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    Archive for the ‘Vulnerabilities’ Category




    Our friends at the ShadowServer Foundation are now scanning for the Netcore/Netis router backdoor which we found in August.  Their findings are in line with what we published then: that the vast majority of those affected in China, with more than a million scanned IP addresses currently affected by this threat. The devices at these IP addresses are vulnerable to being taken over by attackers due to an open port on the external side of the router; accessing this port and entering a fixed password ...

    Posted in Vulnerabilities |



    In the past couple of weeks, the effectiveness of PGP as a way to encrypt the emails of users has been a subject of much debate. This latest round was kicked off by Matthew Green, a professor of cryptography at Johns Hopkins University, who criticized PGP primarily for flaws in key management and for its lack of forward secrecy. It's very important for the industry, as a whole, to get encryption right. It's fundamental to securing online lives in the 21st century. ...

    Posted in Vulnerabilities |



    The first half of this year has been quite eventful for the mobile threat landscape. Sure, we had an idea the state of affairs from 2013 would continue on to this year, but we didn't know just to what extent. From ballooning mobile malware/high risk app numbers to vulnerabilities upon vulnerabilities, let's recap just what happened in the past six months and see if we can learn anything from them for the six months ahead. So, what did happen in the ...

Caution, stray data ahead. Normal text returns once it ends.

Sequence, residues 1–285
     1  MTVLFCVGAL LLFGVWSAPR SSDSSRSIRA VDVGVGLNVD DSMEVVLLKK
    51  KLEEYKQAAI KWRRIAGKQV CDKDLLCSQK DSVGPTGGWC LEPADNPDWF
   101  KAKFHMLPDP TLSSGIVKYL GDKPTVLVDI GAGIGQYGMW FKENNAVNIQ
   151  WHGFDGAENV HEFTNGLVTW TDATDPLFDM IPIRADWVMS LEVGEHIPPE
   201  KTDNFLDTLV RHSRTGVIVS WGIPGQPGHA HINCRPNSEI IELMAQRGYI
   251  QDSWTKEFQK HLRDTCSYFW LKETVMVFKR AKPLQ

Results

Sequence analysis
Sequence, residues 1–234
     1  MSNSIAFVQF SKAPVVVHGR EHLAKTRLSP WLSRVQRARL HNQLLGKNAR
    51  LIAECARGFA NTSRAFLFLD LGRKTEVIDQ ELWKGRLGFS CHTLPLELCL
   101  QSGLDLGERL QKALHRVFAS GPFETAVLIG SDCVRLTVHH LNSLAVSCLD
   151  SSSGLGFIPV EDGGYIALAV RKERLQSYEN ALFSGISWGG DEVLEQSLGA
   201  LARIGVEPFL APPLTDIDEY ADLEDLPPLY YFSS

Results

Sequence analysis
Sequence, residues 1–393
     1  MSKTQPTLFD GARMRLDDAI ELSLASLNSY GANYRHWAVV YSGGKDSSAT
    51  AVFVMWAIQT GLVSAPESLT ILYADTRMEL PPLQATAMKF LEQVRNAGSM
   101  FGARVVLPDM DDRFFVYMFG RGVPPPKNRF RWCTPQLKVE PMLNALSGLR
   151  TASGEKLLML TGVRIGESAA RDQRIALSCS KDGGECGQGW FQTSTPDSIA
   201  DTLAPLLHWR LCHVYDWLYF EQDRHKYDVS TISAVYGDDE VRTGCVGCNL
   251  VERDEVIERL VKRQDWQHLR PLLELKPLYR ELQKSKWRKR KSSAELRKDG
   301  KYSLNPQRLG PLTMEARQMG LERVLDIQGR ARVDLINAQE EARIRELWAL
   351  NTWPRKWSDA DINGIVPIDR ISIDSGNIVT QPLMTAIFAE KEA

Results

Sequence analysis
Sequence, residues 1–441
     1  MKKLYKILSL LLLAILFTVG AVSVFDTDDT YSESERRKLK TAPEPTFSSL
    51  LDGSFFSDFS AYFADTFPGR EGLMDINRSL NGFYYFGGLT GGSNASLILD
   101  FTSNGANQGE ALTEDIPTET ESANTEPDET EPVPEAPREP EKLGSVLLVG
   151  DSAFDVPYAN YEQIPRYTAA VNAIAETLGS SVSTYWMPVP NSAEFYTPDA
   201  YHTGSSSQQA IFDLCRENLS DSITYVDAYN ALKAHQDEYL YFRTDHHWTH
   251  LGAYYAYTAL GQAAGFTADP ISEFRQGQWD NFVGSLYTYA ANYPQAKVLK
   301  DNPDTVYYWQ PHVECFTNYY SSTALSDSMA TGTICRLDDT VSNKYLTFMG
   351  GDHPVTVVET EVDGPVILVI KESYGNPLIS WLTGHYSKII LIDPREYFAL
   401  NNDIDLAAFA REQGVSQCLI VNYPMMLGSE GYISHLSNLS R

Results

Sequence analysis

Posted in Mobile, Vulnerabilities |



    Routers manufactured by Netcore, a popular brand for networking equipment in China, have a wide-open backdoor that can be fairly easily exploited by attackers. These products are also sold under the Netis brand name outside of China. This backdoor allows cybercriminals to easily run arbitrary code on these routers, rendering it vulnerable as a security device. What is this backdoor? Simply put, it is an open UDP port listening at port 53413. This port is accessible from the WAN side of the router. This ...




    In the past few weeks, an exploit kit known as FlashPack has been hitting users in Japan. In order to affect users, this particular exploit kit does not rely on spammed messages or compromised websites: instead, it uses a compromised website add-on. This particular add-on is used by site owners who want to add social media sharing buttons on their sites. All the site owner would have to do is add several lines of JavaScript code to their site's design template. This ...



     

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